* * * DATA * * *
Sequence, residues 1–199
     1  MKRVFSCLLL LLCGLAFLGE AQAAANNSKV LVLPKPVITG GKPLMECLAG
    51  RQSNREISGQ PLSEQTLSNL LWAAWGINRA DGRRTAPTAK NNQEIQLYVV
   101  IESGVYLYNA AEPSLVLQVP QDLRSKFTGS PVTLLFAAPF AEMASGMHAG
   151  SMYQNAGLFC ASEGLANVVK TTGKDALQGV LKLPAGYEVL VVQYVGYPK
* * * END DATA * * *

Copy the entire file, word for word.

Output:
Sequence, residues 1–199
     1  MKRVFSCLLL LLCGLAFLGE AQAAANNSKV LVLPKPVITG GKPLMECLAG
    51  RQSNREISGQ PLSEQTLSNL LWAAWGINRA DGRRTAPTAK NNQEIQLYVV
   101  IESGVYLYNA AEPSLVLQVP QDLRSKFTGS PVTLLFAAPF AEMASGMHAG
   151  SMYQNAGLFC ASEGLANVVK TTGKDALQGV LKLPAGYEVL VVQYVGYPK